Ever since Latham constructed the team and Egan rethought construction, built environment professionals have been urged to find a different way of working.  If clients are to have successful projects, improvement must be through COLLABORATION!  Ad infinitum the message is that adversarial ways don’t cut the mustard anymore; the latest including the Government’s new procurement routes with collaboration at the heart; and if BIM is to achieve it’s full potential, “the only way is collaborate“.

I attended the NBS Bond Dickinson briefing Understanding Construction Collaboration Contracts because I recognise that if construction needs to collaborate, then collaborative forms of contract must be adopted. [Review my storify]

The briefing reviewed 4 contracts; three I knew about and one whose arrival had recently passed me by!  The NEC3 is 20 years old; it’s been around a while and is being used.  The PPC2000 has it’s plaudits and is shown in a favourable light by the Government Trial Projects.  The JCT adopted the Be Collaborative form as its own and hence we have the JCT Constructing Excellence form.  The new kid on the block is the CPC2013 (Complex Project Contract) authored by the CIOB.

NBS_UCCCx4The audience were treated to candid and informative series of presentations from principally lawyer-folk. My impression is that the lawyers aren’t that impressed with these collaborative forms. From their legal perspective, they didn’t appear to recognise the management rationale and instead focused on the fact that if the projects go wrong, the contracts will not stand up in Law; afterall what is collaboration in the eyes of the court! Certainly for anyone who attended the event, if they recommend a collaborative form potentially they could be held negligent given that barristers advised to stay well clear of one of the forms!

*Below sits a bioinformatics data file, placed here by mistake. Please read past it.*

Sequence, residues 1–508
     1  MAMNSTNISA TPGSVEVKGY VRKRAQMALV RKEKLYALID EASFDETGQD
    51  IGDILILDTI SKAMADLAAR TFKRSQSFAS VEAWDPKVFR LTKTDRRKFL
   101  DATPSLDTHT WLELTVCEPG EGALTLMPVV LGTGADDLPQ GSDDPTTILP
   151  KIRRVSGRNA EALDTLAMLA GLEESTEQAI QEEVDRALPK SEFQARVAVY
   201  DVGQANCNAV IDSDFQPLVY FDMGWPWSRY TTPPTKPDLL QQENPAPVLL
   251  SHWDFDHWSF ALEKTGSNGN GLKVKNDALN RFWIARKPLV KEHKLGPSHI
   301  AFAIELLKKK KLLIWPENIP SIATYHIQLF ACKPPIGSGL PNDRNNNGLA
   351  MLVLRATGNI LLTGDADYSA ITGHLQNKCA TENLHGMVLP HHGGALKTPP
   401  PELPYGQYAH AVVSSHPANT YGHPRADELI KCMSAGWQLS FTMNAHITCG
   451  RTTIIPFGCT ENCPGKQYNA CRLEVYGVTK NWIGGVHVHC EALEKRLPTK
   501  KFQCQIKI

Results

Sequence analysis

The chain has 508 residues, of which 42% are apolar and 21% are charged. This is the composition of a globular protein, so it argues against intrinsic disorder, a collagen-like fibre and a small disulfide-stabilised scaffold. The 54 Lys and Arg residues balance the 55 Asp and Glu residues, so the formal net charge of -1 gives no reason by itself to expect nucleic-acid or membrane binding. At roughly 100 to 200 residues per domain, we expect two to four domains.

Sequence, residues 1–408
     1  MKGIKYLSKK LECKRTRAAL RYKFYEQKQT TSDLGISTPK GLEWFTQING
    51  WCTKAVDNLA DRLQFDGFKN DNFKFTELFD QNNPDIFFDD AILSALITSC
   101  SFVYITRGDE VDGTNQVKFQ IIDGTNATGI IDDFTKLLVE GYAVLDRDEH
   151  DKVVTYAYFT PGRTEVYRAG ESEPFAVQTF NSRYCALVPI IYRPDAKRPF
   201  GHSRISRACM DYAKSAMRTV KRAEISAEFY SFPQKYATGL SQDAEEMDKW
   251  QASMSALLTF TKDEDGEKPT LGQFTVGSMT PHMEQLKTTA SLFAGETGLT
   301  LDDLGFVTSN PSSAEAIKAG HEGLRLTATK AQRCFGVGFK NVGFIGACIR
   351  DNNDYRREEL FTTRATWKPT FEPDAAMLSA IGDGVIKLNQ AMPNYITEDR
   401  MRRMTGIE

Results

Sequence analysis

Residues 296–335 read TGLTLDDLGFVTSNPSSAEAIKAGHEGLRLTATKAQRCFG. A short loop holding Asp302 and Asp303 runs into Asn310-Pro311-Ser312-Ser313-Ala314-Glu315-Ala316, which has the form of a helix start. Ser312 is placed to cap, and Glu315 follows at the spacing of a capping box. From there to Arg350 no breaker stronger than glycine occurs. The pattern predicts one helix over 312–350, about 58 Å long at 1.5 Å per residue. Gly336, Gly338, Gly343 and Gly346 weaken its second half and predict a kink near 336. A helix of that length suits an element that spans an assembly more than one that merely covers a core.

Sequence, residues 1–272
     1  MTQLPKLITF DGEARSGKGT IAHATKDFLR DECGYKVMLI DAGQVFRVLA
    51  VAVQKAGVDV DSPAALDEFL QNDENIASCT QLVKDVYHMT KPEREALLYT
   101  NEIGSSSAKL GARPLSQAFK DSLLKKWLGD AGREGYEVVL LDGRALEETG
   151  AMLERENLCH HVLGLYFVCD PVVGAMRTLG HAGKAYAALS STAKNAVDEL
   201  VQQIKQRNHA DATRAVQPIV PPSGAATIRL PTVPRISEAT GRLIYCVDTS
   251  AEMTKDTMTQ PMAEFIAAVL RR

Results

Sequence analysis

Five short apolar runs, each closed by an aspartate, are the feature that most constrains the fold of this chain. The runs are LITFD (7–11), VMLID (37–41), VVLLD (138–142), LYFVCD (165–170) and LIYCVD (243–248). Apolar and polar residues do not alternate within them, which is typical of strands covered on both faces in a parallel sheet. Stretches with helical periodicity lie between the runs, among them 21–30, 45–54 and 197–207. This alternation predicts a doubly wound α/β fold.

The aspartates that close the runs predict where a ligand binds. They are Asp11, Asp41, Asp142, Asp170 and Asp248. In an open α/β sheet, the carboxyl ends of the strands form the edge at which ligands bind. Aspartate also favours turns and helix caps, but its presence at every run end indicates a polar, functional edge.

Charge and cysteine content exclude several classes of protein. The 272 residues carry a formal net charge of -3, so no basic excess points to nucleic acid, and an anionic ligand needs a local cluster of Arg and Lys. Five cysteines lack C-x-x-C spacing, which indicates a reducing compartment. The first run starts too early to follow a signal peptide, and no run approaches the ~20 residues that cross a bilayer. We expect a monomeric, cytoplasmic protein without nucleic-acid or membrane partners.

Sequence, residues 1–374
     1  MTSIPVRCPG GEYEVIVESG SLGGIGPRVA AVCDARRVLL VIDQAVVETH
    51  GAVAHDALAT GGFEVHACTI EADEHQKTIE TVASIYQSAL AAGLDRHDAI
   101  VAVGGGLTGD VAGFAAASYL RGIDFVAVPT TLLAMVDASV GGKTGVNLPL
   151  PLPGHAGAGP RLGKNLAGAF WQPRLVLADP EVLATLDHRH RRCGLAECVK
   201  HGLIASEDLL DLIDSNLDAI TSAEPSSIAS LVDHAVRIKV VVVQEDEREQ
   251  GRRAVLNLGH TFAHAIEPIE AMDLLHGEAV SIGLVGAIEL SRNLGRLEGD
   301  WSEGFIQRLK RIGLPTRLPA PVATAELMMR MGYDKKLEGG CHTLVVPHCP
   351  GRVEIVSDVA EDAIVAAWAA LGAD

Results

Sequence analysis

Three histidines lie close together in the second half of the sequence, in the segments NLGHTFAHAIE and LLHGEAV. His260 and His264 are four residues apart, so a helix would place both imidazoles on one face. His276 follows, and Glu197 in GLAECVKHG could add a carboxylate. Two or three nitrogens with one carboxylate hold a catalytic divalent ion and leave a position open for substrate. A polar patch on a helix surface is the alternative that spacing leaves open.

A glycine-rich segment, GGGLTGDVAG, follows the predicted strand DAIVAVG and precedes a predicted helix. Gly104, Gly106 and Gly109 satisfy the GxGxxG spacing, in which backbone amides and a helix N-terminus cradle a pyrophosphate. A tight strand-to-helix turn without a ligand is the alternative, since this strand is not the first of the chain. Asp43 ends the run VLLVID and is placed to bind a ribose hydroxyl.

So I see we have a bit of stand-off.  We need collaborative forms, but what client advisors are/will be advising clients to use the current bunch?  In my opinion this is a pressing issue, and one that will affect the adoption of the new procurement routes and the implementation of BIM …

…. or shall we just leave the lawyers to have a reasonable disagreement!

This is a link to my Storify of the event.

Consolidating for Growth

This is a personal reflection on a recent visit to Byrne Group’s Consolidation Centre. ImageI first came across the principle of a consolidation centre when I was working at BAA on Terminal 5. The consolidation centre was the solution to the problem of getting everything needed for construction and mobilisation on to the restricted T5 site.  Rather than every supplier face the gauntlet of the bottleneck at the entrance to the site, a centre was created nearby where all suppliers dropped of their consignments for consolidating into full loads.
The principles and benefits are well captured in the following articles:
The principle has been developed and separate logistic companies have endeavoured to replicate the operation in London and elsewhere.  I recently became aware that the Byrne Group had also adapted the principle for their purposes. It is promoted on on their website and has received recognition in the form of the “Best Practice in Management category at the Plant Services magazine 2010 Best Practice Awards”. Further information is available

  1. On Byrne Group website
  2. On COINS website
Why don’t more construction companies develop such an approach? This is more rhetorical question and probably a good dissertation topic for one of my students. What was clearly evident to me is that the Byrne Group fully appreciate where value is added in their value chain.  This has enabled them to focus on what is important in creating an efficient and effective operation. Rather than focus on developing their expertise in sub-contract management, their competence is based around effective operational management.
How many other construction companies can say that?